Since the 1999 Marshall Decision, when the Canadian Supreme Court acknowledged the fishing rights reserved by indigenous tribes in the Canadian Maritimes in 18th century treaties, tempers have sometimes flared between the country’s non-indigenous and Indigenous fleets. Videos of Department of Fisheries and Oceans boats ramming and sinking Mi’kmaw skiffs that year in Burnt Church, New Brunswick, revealed a deep cultural divide and did not reflect well on the federal agency.

Fast forward to 2020, and the Indigenous lobster fishery in southwest Nova Scotia, where non-indigenous fishermen, on Tuesday Oct. 13, resorted to violent vigilantism to try to stop the Indigenous fishery. The non-Indigenous opposition says the season for non-Indigenous fishing is closed, so all fishing should be shuttered.

“We were called to a disturbance in New Edinborough,” said Andrew Joyce, spokesman for the Royal Canadian Mounted Police. “There were about 200 people there and they were preventing individuals from leaving, and damaging property. Then later in the day there was another incident in Middle West Pubnico.”

According to journalist Maureen Googoo, writing on the web service kukukwes.com, a “mob of non-Indiginous lobster fishermen trapped two Mi’kmaw fishermen inside a lobster pound,” One of the Mi’Kmaw fishermen, Jason Marr, said the mob had set fire to his van and were throwing rocks at the lobster pound.

Police spokesman Joyce noted there was criminal activity, but no arrests were made at the time because emotions were so high and the officers were vastly outnumbered.

“An investigation is ongoing,” he said, allowing that arrests may be made when emotions and resources make that possible. “At the end of the day, our job is to try and make sure everyone gets home safe,” Joyce said.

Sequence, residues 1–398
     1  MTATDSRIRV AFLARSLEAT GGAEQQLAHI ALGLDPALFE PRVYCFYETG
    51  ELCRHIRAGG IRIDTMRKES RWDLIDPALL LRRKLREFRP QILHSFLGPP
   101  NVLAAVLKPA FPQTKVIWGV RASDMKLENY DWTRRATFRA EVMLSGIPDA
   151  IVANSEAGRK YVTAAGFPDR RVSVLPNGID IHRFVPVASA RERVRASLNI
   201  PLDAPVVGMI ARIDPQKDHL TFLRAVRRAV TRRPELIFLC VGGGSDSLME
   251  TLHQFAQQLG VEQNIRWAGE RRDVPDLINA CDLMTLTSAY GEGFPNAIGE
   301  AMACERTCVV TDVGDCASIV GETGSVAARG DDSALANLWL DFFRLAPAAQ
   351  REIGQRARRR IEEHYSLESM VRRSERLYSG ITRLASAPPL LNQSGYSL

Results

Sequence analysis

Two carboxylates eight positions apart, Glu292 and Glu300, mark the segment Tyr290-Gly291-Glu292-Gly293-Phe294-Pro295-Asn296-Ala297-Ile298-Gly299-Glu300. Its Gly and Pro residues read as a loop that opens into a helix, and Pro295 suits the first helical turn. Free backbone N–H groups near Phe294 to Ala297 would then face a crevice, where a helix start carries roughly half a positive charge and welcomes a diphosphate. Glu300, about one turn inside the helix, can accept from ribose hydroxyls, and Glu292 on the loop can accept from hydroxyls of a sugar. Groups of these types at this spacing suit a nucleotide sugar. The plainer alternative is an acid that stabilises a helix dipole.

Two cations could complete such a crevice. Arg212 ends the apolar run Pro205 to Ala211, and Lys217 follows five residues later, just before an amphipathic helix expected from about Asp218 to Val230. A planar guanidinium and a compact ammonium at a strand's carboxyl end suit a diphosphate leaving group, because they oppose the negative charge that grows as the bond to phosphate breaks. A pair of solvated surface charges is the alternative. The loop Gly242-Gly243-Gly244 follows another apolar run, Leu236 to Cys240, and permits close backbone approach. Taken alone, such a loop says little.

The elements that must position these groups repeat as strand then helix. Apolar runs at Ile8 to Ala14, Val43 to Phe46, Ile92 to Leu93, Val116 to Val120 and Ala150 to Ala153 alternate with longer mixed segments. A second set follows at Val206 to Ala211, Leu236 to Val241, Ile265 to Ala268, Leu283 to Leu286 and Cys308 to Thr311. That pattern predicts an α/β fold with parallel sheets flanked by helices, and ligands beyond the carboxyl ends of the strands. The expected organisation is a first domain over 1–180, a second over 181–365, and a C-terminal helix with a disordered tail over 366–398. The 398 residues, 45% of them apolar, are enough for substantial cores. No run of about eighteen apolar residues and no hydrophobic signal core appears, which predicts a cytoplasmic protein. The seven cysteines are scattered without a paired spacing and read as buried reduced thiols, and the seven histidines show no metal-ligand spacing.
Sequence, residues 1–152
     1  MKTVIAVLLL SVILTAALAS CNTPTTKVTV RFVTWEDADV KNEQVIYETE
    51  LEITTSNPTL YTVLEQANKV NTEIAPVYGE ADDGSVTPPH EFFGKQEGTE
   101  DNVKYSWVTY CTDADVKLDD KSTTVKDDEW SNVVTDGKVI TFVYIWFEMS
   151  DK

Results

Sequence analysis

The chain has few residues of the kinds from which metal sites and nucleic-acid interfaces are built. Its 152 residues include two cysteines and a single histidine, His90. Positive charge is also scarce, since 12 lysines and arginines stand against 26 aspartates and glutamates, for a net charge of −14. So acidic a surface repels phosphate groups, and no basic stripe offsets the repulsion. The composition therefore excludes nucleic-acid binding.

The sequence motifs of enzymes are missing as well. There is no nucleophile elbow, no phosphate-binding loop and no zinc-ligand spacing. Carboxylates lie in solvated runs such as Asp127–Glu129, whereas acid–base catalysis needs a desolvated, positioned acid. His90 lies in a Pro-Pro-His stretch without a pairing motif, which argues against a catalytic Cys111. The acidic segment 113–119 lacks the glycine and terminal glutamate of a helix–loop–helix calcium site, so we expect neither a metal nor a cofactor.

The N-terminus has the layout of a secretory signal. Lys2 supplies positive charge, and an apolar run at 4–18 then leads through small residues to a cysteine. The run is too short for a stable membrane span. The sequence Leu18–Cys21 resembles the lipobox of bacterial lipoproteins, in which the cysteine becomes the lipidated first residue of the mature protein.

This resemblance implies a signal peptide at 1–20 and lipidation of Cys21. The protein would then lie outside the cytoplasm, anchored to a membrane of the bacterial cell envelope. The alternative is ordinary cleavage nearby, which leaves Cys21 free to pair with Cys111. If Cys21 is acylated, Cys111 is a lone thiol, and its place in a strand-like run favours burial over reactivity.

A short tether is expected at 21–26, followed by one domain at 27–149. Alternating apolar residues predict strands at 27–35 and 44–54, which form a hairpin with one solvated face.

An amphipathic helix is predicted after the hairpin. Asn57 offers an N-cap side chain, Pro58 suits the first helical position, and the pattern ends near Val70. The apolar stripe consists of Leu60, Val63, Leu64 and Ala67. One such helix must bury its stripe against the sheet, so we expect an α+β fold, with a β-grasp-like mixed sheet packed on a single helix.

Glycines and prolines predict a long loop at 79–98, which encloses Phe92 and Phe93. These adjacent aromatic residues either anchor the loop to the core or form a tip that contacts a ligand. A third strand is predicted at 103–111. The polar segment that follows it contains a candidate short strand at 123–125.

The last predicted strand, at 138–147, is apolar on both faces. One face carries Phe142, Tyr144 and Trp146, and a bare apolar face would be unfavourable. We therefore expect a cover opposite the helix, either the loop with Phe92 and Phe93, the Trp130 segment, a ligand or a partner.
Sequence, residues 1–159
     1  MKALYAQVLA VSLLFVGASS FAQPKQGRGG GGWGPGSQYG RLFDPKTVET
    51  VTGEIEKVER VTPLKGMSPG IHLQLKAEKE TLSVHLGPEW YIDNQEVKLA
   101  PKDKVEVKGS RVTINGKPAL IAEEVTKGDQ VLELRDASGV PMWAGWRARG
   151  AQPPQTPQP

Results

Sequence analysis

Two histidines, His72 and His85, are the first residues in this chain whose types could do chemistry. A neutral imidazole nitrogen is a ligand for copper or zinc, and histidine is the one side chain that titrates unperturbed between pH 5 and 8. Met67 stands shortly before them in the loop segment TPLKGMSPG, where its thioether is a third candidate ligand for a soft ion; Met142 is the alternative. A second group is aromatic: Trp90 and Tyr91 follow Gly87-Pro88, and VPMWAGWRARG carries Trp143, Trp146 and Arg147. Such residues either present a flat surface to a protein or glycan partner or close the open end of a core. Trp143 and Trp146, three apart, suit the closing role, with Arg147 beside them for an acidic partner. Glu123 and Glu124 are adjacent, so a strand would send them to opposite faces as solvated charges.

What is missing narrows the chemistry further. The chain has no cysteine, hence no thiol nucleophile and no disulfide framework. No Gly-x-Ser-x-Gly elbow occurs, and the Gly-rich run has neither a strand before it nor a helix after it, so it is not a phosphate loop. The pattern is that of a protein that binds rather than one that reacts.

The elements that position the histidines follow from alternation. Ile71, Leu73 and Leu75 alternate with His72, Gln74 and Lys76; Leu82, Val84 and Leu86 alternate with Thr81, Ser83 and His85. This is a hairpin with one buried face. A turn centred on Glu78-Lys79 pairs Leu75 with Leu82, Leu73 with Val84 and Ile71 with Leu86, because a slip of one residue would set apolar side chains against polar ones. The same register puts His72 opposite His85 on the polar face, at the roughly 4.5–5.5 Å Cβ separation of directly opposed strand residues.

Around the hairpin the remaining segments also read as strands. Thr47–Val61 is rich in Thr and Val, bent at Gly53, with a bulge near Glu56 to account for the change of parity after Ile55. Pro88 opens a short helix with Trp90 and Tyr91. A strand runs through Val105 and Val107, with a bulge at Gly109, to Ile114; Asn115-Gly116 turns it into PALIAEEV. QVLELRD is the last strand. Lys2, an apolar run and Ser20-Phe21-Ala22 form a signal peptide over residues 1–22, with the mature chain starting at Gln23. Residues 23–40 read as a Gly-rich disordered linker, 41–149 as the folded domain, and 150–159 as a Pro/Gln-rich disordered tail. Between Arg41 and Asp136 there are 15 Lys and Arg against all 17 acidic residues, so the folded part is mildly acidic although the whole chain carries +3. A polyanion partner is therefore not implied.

According to Arthur Bull, who has helped facilitate various dialogues between Indigenous and non-Indigenous fishermen since the 1999 Marshall Decision, the vigilantes do not represent all fishermen.

“It’s a much more complicated situation than what you read in the papers,” said Bull. “In the past, these groups have worked together. They have a lot more in common than they do differences.” Bull pointed out that the non-Indigenous fishermen are mostly Acadian, and most have Mi’kmaw ancestors.

“What I see is that the non-Indigenous fishers are under huge pressure. They are fighting wind farms, resource extraction, and attempts by big players like Clearwater to take this fishery out of the villages.”

According to Bull, the non-Indigenous lobstermen who are attacking the Mi’kmaw fishermen have cost themselves and all non-indigenous lobstermen the moral high ground with potential allies in these other battles because one can’t ignore the racism evident in their actions. “It’s unfortunate,” he said.

Bull points out that majority of Mi’kmaw bands in Nova Scotia, 10 out of 13, have signed fisheries agreements with DFO and are prospering in terms of jobs and dollar returns, but at the same time, he recognizes the bands’ desire to manage their own fisheries.

“That’s what I’ve supported all my life,” Bull said. “What we did in the past was to get all the fishers into a room talking, no regulators, no media, just the fishers. In the short term, things are awful, they just burned an entire fish plant in Pubnico. But looking forward, I’m still optimistic a solution can be found through respectful dialogue. We need the alliance of Indigenous and non-Indigenous fishermen, and the green movement, and together me might have enough strength to fight what's coming."

Paul Molyneaux is the Boats & Gear editor for National Fisherman.

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